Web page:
Most of the time we quote natural gas prices at the price for 1,000 cubic feet at the Henry Hub, the central U.S. pricing point in Henry, Louisiana. That price has hovered around $3 for months now. On Wednesday, the spot price of natural gas arriving in New York City hit $175 per million BTUs, an amount of energy approximately equal to 1,000 cubic feet of volume.
At the major pipeline feeding New York City, Transco’s Zone 6, natural gas prices averaged $140.06 per million BTUs on Thursday, a jump of more than $91 per million BTUs in a single day. Thursday’s national average spot price rose by about $6 to $16.78.
According to Natural Gas Intelligence (NGI), Wednesday’s was the highest price spot price ever recorded in the United States. Before then, the highest price paid for a million BTUs was $125 in the “polar-vortex” winter of 2013–2014.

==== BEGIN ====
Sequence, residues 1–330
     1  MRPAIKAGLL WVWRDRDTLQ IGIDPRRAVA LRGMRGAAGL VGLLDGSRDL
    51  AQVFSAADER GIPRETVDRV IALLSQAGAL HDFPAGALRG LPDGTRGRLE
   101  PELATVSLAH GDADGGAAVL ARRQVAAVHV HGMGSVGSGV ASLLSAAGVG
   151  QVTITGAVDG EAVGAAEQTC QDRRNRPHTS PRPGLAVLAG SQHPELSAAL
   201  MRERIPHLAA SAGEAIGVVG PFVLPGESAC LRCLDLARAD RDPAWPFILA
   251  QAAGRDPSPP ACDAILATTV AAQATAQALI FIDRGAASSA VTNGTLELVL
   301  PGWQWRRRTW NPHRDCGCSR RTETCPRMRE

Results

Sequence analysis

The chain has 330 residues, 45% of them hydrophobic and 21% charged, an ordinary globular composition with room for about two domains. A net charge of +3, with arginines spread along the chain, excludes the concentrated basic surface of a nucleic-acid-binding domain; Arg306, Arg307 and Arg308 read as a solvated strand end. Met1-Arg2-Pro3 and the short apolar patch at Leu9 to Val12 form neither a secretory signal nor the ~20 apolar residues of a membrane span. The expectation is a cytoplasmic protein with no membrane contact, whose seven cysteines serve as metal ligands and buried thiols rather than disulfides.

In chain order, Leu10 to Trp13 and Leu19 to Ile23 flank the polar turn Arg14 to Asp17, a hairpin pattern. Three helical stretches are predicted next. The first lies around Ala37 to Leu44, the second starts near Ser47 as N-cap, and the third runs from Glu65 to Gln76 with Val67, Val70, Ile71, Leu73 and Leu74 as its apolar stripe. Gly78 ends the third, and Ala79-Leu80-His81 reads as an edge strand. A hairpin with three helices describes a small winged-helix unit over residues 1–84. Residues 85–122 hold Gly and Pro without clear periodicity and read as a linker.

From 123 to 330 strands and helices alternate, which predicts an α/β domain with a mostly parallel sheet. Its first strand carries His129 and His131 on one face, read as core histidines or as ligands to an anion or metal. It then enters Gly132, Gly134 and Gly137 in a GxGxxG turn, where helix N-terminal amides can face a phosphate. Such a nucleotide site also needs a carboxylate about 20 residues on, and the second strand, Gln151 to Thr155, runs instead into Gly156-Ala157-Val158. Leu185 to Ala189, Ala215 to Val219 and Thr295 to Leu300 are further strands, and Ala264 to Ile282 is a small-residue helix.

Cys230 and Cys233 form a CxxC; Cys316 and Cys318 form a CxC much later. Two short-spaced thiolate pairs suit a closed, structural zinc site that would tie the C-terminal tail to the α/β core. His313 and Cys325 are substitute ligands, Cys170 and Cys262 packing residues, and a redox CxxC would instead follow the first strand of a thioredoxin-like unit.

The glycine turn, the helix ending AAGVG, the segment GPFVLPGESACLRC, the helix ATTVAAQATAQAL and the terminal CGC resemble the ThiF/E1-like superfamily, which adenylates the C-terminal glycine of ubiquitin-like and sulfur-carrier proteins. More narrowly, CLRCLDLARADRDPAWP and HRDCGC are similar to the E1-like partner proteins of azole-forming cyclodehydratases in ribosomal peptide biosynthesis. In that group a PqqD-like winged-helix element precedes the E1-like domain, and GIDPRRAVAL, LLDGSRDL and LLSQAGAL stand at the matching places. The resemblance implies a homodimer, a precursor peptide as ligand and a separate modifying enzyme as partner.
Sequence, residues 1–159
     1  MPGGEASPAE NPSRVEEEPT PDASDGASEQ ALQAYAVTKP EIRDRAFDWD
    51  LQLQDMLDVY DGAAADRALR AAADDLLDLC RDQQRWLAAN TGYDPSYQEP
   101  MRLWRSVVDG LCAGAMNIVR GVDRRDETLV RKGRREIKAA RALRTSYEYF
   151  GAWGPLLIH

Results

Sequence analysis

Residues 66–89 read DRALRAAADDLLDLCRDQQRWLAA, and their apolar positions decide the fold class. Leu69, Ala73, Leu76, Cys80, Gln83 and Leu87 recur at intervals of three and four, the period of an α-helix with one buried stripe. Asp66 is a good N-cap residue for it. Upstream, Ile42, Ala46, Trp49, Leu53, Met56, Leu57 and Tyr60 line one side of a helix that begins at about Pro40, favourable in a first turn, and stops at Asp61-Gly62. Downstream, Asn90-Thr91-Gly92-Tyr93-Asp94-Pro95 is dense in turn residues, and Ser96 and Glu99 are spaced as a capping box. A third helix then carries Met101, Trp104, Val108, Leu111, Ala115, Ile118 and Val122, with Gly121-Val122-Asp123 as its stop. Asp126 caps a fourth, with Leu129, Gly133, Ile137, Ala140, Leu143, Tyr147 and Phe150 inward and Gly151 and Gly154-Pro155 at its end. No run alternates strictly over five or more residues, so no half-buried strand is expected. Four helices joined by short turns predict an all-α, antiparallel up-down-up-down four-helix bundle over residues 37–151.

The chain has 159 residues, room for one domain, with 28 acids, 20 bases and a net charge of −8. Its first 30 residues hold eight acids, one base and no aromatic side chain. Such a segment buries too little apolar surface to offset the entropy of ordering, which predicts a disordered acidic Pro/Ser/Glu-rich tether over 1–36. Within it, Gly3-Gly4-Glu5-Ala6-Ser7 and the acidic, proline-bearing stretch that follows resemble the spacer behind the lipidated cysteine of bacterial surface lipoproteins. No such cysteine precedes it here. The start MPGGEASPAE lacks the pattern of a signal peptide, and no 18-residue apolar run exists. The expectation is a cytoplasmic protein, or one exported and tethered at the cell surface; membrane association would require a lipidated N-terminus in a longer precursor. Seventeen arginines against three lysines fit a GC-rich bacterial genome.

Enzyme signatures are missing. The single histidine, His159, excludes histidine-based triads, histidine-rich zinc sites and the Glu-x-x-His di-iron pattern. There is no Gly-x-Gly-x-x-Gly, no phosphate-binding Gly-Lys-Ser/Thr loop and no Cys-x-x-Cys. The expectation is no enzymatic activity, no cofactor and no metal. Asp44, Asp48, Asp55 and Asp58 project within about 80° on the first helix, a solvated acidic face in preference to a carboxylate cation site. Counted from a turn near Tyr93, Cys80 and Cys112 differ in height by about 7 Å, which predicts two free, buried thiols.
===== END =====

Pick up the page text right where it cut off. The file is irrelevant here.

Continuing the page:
NGI attributed the soaring prices to a “perfect storm of widespread weather-driven demand and pipeline constraints.” Several major pipelines feeding the Northeast are transporting gas under operational flow orders that restrict the flow of gas when the integrity of the pipeline is in jeopardy.
Very cold weather in the Permian Basin of Texas has limited the amount of natural gas flowing on Kinder Morgan’s El Paso pipeline system from 2.3 billion cubic feet per day to 1.38 billion. Cold weather also has affected deliveries from the Marcellus shale regions of Ohio, Pennsylvania and West Virginia.
Following Thursday’s report on U.S. natural gas inventories, the spot price for February delivery fell to around $2.80 Friday morning from a pre-report level around $3.03 per million BTUs. Traders are expecting warmer weather in the second half of January and only some unusual event is likely to push spot prices higher.